Exposé print issues (1993-2011)
John Shirley & Jerry King — Escape from Gravity
(Bandcamp no#, 2022, CD)
by Peter Thelen, Published 2022-09-25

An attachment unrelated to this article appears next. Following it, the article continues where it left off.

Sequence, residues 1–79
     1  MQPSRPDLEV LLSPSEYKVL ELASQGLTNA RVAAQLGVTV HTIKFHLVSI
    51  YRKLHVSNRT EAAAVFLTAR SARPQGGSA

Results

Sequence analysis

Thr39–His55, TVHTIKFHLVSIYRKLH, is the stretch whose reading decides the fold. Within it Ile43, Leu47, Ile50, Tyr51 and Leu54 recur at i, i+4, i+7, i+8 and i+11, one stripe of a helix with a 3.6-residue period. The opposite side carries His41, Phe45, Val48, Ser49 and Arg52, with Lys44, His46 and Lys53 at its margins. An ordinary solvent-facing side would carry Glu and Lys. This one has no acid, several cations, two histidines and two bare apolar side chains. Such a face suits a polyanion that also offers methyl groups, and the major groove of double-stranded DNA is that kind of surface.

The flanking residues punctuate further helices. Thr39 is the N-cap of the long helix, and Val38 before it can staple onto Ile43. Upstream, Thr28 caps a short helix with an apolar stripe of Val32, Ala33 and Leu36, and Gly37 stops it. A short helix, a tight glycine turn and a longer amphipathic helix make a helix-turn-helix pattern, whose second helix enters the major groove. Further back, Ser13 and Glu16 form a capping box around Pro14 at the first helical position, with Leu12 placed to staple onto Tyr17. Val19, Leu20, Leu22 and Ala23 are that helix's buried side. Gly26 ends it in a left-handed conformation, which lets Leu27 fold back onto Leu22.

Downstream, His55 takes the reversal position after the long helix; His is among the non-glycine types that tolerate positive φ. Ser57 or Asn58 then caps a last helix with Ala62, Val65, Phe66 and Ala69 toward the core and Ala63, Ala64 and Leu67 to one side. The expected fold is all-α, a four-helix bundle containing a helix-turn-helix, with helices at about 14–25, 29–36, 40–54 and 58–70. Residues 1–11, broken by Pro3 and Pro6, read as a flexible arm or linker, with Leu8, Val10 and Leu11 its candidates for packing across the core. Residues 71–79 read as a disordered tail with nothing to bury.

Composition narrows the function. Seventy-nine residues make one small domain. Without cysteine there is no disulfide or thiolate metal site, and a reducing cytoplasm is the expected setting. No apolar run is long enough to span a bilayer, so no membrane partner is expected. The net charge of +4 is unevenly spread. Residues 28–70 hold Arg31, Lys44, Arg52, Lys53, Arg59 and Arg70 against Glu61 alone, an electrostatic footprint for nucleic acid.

Fantasy and sci-fi novels, screenplays, short stories, poetry, songs, and song lyrics are just some of what John Shirley is known for. He’s written lyrics for a number of Blue Öyster Cult songs beginning in the late 90s right up through their most recent album The Symbol Remains. Growing up in the Portland, Oregon area in the 70s, he was a member of a number of local bands there, joining the band Sado-Nation in 1978. During the 80s and 90s, while living in New York City and Paris, he was a member of various other punk and funk bands. The double album Broken Mirror Glass: The Anthology 1978-2012 summarizes over three decades of Shirley’s musical activities. Since that time, in addition to his collaborations with BÖC, he has been working with Jerry King (Cloud over Jupiter, Moon Men, Moon X, and others) and in that time produced three albums with him: Spaceship Landing in a Cemetery (2018), Short Stories for Tall Aliens (2019), and the latest album at hand, Escape from Gravity. Shirley wrote all the lyrics and performed them on all of the album’s ten tracks, plus played occasional harmonica, and for his part King plays guitar, bass, horns, and synth effects, as well as production and arrangement of the material. Other guests include Ian Beabout on flute and mastering, drummers Chad Wardwell and Pete Zolli, the latter also handles fretless bass on certain cuts, Jamie Bruhn on bass on one cut, Chris Boros, Travis Plantico, Walter Whitney and Dave Newhouse on all manner of keyboards, track depending, and a half dozen ot so other guests playing on this track or that. The best way to describe the music here: the instrumental elements embrace a solid trippy progressive space-rock ethic, with Shirley’s more-or-less spoken lyrics as an overlay on top of that. I’m not sure how it all came together, if it was words first then music played behind them, or if the instrumental parts were produced independently and then the words mixed with them later. On some of the songs, like “Woodsmoke,” Shirley almost sings so he would need to be in the same key as the musicians playing, but on others they are simply spoken. Throughout the lyrics are interesting and excellent, as are the instrumental performances. There are a number of standouts, like “Evil Is a Rose That Sings,” “My Five Eyes,” “The Spider’s Tale,” “Poisoned Wheel,” and “God Is an Alien.” I guess ones mileage will depend on how much one likes spoken lyrics accompanying amazing music, but I say don’t judge it until you’ve had an opportunity to hear it through. This listener was a little put off by it initially, but after half a dozen listens or so, I’ve definitely warmed up to it, and Escape from Gravity won’t be going on the shelf anytime soon.
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